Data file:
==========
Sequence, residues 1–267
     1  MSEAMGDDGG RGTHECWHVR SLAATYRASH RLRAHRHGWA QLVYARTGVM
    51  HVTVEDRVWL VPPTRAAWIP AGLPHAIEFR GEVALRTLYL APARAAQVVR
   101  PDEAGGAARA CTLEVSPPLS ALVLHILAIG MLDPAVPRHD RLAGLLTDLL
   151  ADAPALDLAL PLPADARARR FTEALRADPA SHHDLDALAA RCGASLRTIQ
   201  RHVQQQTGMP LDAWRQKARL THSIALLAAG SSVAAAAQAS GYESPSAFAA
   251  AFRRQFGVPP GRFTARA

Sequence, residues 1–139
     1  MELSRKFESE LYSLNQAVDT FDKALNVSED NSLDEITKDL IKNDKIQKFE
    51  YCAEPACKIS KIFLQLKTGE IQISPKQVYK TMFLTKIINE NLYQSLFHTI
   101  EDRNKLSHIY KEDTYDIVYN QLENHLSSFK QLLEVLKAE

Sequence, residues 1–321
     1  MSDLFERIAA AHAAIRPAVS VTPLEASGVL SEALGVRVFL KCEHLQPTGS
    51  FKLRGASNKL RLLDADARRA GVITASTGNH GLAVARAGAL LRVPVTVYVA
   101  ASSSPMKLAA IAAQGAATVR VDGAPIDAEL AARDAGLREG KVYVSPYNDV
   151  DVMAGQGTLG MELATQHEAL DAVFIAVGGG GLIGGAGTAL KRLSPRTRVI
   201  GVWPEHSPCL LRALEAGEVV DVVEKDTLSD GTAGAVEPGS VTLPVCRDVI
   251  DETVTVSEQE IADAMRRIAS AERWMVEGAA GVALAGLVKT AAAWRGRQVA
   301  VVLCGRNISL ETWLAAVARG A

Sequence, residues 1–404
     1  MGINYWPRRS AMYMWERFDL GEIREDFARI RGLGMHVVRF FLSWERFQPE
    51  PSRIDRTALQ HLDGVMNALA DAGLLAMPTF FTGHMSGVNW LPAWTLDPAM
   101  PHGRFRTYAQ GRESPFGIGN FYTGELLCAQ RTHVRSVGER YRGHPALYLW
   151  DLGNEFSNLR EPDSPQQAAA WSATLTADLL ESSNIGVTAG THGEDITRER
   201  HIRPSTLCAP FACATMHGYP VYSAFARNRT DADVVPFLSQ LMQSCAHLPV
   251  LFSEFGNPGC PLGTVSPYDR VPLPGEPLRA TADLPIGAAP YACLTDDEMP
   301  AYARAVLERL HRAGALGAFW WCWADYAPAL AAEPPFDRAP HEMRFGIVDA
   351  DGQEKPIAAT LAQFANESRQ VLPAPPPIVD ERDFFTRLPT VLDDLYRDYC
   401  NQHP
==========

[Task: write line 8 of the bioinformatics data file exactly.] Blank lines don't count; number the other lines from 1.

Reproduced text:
Sequence, residues 1–139